You People and Your Twittering

March 12, 2009

Posted in Web Industry.

On Monday March 9, 2009, I tracked every single tweet that came through my Tweetdeck. I categorized the tweets according to their use and intent and content. Nothing fancy or scientific here, just a quick label. After all, I do still have a job (until my boss reads this).

Quick notes – of course results will be different from day to day or person to person. I am currently following 90 people on Twitter and frankly, I can’t keep up with many more. Some of these folks make quite the ruckus.

Now, some findings…

Twitter isn’t for Self-Promotion

Regular vs Self-Promotional Twitter Use

The overall categories were there to determine how much people use Twitter for self-promotion. I see a lot of people linking to themselves, their own blog posts, or otherwise hyping their own stuff.

But as you can see, that really wasn’t as much as I’d expected. Maybe it was a slow Monday for blogging, but I think I was exaggerating how often that happens.

More than that, it speaks to how I use Twitter: I tend to unfollow people who simply post their own stuff. I can easily subscribe to your RSS feed and read it at my leisure, so posting every single blog post is a quick way to get banned from my Twitter list.

Twitter is Personal

The “regular” category isn’t particularly informative, so I broke it down further.

twitter personal use.jpg

I also wanted to see whether people used Twitter for professional purposes. Obviously, most of the conversation I recorded was of a personal nature. Some people were on vacation, others were simply complaining about the weather or work. I counted anything that was value-added work info as “professional,” and broke it down further if it had a link or not.

My take on this? Twitter is about personal relationships, not professional gain. Though as any salesperson knows, relationships are often what make sales. So it’s not entirely without professional relevance.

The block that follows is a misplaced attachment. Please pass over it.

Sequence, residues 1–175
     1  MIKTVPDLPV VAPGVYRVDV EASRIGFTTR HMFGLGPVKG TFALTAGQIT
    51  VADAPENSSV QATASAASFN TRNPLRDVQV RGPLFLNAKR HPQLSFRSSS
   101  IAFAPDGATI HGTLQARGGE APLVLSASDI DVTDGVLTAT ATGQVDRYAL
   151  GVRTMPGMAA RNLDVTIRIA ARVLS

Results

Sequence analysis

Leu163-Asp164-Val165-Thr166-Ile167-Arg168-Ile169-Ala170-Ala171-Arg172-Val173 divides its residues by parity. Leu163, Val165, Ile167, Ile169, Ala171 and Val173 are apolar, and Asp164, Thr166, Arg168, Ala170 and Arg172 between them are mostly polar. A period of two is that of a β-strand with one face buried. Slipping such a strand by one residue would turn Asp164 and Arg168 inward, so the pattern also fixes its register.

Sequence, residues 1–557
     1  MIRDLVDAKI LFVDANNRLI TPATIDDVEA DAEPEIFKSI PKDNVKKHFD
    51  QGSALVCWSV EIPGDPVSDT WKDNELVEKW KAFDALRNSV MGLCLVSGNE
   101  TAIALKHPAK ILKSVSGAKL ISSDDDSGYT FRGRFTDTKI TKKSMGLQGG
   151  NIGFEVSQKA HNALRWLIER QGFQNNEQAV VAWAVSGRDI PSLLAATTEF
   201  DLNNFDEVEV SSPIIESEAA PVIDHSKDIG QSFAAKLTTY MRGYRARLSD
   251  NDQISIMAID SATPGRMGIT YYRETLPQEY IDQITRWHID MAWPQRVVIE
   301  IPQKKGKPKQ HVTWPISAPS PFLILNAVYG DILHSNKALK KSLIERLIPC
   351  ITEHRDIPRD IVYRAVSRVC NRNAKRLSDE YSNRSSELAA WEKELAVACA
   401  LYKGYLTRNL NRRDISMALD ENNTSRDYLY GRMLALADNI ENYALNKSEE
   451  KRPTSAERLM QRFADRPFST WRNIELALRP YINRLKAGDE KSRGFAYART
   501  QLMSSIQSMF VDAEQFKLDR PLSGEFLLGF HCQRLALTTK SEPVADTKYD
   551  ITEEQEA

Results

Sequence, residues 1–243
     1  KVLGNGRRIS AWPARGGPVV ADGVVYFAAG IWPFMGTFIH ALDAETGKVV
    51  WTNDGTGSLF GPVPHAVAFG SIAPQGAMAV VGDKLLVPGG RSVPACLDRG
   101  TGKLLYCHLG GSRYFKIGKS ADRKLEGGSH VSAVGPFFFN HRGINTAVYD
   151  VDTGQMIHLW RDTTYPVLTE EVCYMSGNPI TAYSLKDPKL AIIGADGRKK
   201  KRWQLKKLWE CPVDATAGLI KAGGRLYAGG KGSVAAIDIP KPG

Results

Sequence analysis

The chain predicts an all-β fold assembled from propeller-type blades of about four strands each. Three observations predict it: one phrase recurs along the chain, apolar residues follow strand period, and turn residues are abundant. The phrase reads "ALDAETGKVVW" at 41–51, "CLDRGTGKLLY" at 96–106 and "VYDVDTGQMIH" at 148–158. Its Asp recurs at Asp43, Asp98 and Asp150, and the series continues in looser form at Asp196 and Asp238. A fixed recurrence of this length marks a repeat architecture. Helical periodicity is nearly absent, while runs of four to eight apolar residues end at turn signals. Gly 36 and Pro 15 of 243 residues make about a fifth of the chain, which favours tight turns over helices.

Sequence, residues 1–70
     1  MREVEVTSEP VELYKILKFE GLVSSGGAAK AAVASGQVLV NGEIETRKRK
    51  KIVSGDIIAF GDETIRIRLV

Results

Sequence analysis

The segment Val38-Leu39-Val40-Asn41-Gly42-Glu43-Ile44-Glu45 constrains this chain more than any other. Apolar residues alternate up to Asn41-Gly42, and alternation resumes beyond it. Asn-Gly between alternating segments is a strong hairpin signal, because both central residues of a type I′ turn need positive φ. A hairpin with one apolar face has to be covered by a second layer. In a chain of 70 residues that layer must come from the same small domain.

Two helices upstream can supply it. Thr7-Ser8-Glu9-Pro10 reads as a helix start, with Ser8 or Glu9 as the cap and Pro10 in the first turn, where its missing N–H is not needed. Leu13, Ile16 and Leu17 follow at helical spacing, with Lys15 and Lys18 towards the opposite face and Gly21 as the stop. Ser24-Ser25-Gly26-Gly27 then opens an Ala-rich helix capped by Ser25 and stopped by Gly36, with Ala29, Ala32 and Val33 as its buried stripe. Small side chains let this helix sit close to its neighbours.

Twitter is about Relationships

No pie chart for this one – it’s all about the total number. 350 tweets. I read 350 tweets in one day. Many deal with far more than that. I only follow 90 people, remember. So what’s the value in all this noise? How do you get work done when there’s a crowd of people chattering away about their personal lives?

Well, I try to tune them out and come back later. But when I’m on Twitter, I’m trying to respond, be helpful, and build relationships. A great example came from my wife the other day, when she saw a chance to promote the summer camp she works for:

dccurry: Jam packed day. 1st off to a camp to check out our spring girls retreat potential. Camp costs are causing us to check other camps this year
abear23: @dccurry if you want info on camp Tannadoonah let me know. I’m the camp director.
dccurry: @abear23 definitely! Shoot me some info.

If you follow someone just for the sake of promoting yourself, it will be obvious. That’s why I don’t follow people who are following so many more than are following them. There’s a good quote that seems to fit:

Here’s the rock, paper, scissors game of selling:
Relationship is more powerful than price.
Relationship is more powerful than delivery.
Relationship is more powerful than quality.
Relationship is more powerful than service.Jeffrey Gitomer